Docker poet and author has dedicated book to wife who passed away recently

On Sunday evening I asked Belfast's greatly-loved docker-poet John Campbell for his thoughts on the then imminent New Year.

Wednesday, 3rd January 2018, 9:00 am
John Campbell with sketches of his docker colleagues

“Without Barbara...,” he began.

For the first time during my 35 year long privilege of knowing John he didn’t finish a sentence.

In the corner of his cosy front-room off Belfast’s Shore Road is an empty armchair where Barbara, his wife and soulmate for 60 years, sat before illness confined her to bed several months before she passed away last August.

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Eighty-one-year-old John, author of 10 novels and collections of poems, stopped writing when her health deteriorated.

“Not a thing was written for two years,” he said. “My computer wasn’t opened.”

The shelves and walls are bustling with family portraits.

Predominant above the fireplace is a large black and white photo of glowingly-happy newlyweds John and Barbara in 1966 – married in a Belfast registry office because John wasn’t a regular churchgoer.

Almost three decades later he described the day in a poem called ‘My Girl’.

“My girl didn’t get a bridal gown

or a honeymoon in a foreign town,

Just a drive in a mini, a drink in a snug,

and tears from her dad, when he gave her a hug.”

“Barbara was the rock of this family,” said John, whose poetic debut came after the death of his father in 1948.

“I was 12 years old,” he recounted, “and we were all sitting around the coal fire with mum who was trying to write dad’s obituary for the paper.”

Much to his mother’s surprise John recited a profound little rhyme:

“You never know the moment,

You never know the day.

You’ll never know how long

Upon this earth you’ll stay.”

“Mum looked at me, baffled,” he explained, “wondering where it came from and I said I’d just made it up. I don’t think she used it because she couldn’t afford the space in the paper.”

Ten books later, and after a busy life as a dockworker, trade union representative, van-driver and family-man, he has recently published a 50-poem retrospective entitled ‘Port of Retirement’.

It is dedicated ‘To Barbara In Loving Memory.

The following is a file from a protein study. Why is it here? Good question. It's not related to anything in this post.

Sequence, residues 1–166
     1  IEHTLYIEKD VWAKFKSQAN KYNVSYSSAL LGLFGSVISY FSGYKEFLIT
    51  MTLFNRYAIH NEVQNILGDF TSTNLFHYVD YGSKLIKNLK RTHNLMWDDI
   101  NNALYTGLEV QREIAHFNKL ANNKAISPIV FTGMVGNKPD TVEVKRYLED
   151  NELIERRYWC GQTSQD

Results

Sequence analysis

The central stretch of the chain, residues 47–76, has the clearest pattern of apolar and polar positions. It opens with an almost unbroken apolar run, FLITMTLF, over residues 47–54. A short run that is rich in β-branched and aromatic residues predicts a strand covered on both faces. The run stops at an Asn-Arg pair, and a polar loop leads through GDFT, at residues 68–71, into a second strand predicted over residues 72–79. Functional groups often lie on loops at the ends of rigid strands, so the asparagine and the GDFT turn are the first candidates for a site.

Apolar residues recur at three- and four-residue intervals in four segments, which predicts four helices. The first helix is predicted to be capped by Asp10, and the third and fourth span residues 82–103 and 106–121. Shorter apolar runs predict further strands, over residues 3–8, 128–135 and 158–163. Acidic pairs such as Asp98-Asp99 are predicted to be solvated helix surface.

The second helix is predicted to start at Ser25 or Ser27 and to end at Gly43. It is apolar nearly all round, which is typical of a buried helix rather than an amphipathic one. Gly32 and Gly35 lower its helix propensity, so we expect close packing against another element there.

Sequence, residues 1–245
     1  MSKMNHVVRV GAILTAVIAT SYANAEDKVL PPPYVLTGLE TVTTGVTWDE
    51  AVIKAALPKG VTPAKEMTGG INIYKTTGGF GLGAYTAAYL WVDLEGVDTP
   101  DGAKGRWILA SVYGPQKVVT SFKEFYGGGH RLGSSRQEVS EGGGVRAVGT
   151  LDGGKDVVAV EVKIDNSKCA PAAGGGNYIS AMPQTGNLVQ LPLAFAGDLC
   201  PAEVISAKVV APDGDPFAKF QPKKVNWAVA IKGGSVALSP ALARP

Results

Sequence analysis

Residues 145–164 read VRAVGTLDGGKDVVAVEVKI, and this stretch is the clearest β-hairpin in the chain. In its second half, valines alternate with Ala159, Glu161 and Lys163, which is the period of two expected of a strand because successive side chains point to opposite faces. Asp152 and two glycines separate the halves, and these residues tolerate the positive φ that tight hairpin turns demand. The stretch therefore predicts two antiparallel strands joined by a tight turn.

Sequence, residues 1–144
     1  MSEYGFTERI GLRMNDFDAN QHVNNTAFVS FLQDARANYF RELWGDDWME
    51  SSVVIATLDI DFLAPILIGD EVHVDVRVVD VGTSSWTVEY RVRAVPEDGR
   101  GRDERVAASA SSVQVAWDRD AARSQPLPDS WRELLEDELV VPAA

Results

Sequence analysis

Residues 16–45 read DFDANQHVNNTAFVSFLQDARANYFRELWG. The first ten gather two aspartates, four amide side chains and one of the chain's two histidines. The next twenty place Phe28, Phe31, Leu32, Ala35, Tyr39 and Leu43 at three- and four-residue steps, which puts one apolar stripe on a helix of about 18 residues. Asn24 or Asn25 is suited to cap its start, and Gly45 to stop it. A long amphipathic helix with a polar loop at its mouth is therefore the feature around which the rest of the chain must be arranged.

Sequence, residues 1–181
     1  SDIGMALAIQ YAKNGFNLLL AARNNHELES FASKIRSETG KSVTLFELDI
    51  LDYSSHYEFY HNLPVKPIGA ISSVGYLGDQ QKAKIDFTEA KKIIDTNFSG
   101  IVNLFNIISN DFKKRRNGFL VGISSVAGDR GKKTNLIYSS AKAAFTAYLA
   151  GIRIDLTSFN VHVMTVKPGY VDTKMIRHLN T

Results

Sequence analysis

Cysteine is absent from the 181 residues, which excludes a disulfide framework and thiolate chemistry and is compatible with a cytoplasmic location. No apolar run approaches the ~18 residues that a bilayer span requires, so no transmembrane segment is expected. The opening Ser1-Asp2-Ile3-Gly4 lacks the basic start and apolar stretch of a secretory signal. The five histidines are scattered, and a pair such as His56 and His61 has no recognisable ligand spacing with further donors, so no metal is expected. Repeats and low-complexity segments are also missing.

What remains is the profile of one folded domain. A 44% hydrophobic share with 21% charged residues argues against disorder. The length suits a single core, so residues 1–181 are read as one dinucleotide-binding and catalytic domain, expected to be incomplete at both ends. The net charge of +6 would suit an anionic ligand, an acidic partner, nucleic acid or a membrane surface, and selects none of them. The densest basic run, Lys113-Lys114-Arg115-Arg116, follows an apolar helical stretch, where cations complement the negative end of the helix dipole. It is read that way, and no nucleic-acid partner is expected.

Many of the poems are about his beloved Sailortown, a historically nautical part of Belfast that was demolished to make way for motorways, link-roads, flyovers, roundabouts and new buildings.

A poem called Once There Was a Community Here recalls York Street “before the bulldozers came”.

Back in 1999 John was shopping with Barbara in the York Gate Complex.

“I looked across at the jungle of grass and trees that used to be York Street and murmured to myself ‘once there was a community here.’

“Now commuter trains speed above my head” and the area is “virtually people-dead.”

“I don’t write poetry,” John told me ,“I write stories in verse.”

St Patrick’s Day in Dockland is about the days when “men celebrated in the shadow of the now defunct St Joseph’s chapel.

‘Smokey’, written in 1982, is about the Campbell family’s cross breed Alsatian-Collie.

“He was fearless and a great watchdog,” John explains in his author’s notes.

“When our children were young Barbara would leave them outside in their pram in good weather. Smokey lay beneath the pram and heaven help any stranger who ventured near it.”

“Binmen cringed when they saw him growl,

Coalmen quaked at his slavering jowl.

Prowlers paled when they heard him roar,

And prudently burgled the house next door.”

The Backstreet Scribbler from 1984, one of John’s favourite poems, was written “to explain the charisma” of public speakers who “don’t realize the forces they unleash with their oratorical powers”.

“Anger darkened our eyes and he made us despise,

The men who had always curtailed us.

Our souls were reborn as he poured verbal scorn,

On the champions and leaders who’d failed us.”

Campbell’s poems are often recited and discussed by Belfast folk who love the way he captures times past and the colourful characters who inhabited long-gone streets, corner shops and pubs.

They’re also quoted by the great and the good from literary circles.

“Jonathan Bardon mentioned one of my poems in his history of Belfast,” John told me, “though I didn’t know about it till years after he wrote the book!”

Belfast-born Sir Kenneth Branagh, noted actor and director, borrowed some lines from John for the introduction to his 1989 autobiography and “when I was getting wee bits in the papers John Hewitt saw them and was very enthusiastic about my poems and gave me some good advice”.

But anyone who likes reading about the lives, loves and struggles of the ordinary working man and woman will find Campbell to be an acute observer and recorder of times and communities that by and large have sadly disappeared.

John’s three children and six grandchildren were with him at Christmas and he is delighted that Port of Retirement has a photograph of his granddaughter and himself on the front cover.

“I put the book together for the wee girl Lily, the last grandchild,” he proudly admitted.

The picture of her pulling John on her scooter was photographed by her sister Victoria, a drama student in Liverpool where she also works part-time as a tour guide in the Cavern Club, where the Beatles played their first gigs.

More information about Port of Retirement, published by Lapwing Publications, is at www.lapwing poetry.com